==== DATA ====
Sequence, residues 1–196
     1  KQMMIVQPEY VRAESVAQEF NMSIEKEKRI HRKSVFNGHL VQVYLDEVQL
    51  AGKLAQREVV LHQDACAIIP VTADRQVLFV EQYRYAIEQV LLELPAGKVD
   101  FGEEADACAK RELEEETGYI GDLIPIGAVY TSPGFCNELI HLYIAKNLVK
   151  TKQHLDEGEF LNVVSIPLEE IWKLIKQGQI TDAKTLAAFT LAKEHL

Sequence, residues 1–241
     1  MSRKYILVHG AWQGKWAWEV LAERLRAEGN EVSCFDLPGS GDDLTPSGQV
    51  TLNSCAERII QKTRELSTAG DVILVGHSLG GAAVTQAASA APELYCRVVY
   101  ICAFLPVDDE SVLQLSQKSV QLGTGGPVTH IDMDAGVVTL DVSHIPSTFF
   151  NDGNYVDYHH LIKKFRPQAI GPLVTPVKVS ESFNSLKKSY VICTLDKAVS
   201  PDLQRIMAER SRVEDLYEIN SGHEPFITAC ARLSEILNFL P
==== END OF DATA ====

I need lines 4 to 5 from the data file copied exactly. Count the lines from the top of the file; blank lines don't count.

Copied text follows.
   101  FGEEADACAK RELEEETGYI GDLIPIGAVY TSPGFCNELI HLYIAKNLVK
   151  TKQHLDEGEF LNVVSIPLEE IWKLIKQGQI TDAKTLAAFT LAKEHL